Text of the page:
Quality of life (QOL) is a concept that articulates how well an individual is living, reflecting closely patient feeling and functioning, and hence it is a critical outcome for evaluating interventions. Generic QOL measures have been used in RTT clinical trials but may not be appropriate because their development was not based on the domains of QOL important for children with intellectual disability [113]. There are however some validation data for the Child Health Questionnaire-P50 in RTT [114]. As expected, physical summary scores were poorer for individuals with genotypes associated with greater clinical severity, while psychosocial summary scores were poorer for individuals with less severity but more behavioural challenges. Based on extensive qualitative data, the Quality of Life Inventory-Disability (QI-Disability) was developed specifically for children with intellectual disability and has stood tests of reliability, validity and responsiveness to change [80, 113, 115]. Thus far in RTT, QI-Disability has been used in a pilot study evaluating activity programs for RTT (NCT03848442) and is currently an outcome measure in a follow up clinical trial (NCT04167059).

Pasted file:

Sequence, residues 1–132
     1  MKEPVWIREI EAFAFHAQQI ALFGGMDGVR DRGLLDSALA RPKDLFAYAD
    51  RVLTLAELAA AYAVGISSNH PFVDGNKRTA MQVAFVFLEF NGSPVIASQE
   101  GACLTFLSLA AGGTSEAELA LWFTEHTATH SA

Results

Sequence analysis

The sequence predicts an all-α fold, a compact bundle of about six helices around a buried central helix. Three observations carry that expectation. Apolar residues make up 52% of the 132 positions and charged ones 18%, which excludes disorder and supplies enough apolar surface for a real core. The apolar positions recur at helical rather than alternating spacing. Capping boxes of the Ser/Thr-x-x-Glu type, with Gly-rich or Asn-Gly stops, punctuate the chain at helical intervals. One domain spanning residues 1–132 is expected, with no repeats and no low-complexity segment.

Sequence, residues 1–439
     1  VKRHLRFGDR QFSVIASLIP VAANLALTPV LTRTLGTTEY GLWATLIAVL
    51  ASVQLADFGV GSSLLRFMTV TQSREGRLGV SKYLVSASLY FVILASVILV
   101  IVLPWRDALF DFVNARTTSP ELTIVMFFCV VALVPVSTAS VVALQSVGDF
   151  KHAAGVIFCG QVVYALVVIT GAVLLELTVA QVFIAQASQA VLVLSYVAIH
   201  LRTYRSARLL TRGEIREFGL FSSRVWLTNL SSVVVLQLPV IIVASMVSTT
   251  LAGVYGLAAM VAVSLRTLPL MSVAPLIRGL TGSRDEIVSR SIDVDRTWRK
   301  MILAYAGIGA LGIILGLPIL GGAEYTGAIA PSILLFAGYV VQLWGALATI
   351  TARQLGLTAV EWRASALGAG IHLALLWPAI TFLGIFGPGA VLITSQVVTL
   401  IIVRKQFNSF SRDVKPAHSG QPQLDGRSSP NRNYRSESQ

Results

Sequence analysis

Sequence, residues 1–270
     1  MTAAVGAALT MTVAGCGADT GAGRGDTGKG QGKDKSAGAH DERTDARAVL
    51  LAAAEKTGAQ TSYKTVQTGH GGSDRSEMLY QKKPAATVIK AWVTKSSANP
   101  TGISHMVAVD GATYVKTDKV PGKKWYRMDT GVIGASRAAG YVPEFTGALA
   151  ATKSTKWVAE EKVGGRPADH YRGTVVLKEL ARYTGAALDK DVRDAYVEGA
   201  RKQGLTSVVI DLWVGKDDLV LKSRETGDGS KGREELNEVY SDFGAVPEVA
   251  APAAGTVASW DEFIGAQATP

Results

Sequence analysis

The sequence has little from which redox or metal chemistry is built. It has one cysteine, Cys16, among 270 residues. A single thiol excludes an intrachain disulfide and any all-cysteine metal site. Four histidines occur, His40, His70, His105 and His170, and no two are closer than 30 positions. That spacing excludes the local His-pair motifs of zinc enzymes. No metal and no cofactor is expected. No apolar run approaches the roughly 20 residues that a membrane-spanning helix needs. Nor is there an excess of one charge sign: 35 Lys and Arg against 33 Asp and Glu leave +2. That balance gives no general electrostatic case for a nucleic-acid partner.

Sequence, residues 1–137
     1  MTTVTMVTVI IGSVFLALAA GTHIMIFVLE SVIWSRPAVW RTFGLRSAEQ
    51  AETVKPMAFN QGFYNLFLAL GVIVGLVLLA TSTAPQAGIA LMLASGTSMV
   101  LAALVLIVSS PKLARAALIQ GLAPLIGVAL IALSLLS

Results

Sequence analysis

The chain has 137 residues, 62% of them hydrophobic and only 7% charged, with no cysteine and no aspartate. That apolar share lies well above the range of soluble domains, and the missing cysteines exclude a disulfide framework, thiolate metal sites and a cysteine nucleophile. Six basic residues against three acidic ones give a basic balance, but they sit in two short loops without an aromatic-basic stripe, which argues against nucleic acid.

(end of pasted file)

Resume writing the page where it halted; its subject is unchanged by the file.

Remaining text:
It is clear that a core set of outcome measures is lacking for RTT and that development and validation studies are lagging behind preclinical and clinical research. For most outcome measures in frequent use, poor validation data are available. Thus far also, few comorbidities beyond epilepsy have been evaluated [55] and the choice of BioRADIO wearable technologies to measure objectively the patterns and regularity of respiratory function (NCT02790034) was based on small observational studies [116]. To our knowledge, however, there have been no published studies investigating any relationship between these autonomic measures and parent-report data, when assessed contemporaneously. Accordingly, there are many research imperatives in this arena. Further data are needed to combat the strong historical influences on use of unvalidated outcome measures, the pressing need for systematic evaluations of the validity, reliability, responsiveness and the MCIDs of available and new outcome measures. We would expect that measures of functional ability such as those for hand and gross motor function would be particularly suitable for disease-modifying genetic trials while assessment of comorbidity status (e.g. seizure diaries) will indicate effects in drug studies. Measuring QOL is essential for all types of studies because it can capture change in the day-to-day living of a child. When validation data are satisfactory, it will be imperative to collect natural history data over clinical trial timeframes of approximately a six-month period, so that trial findings can be compared to natural history.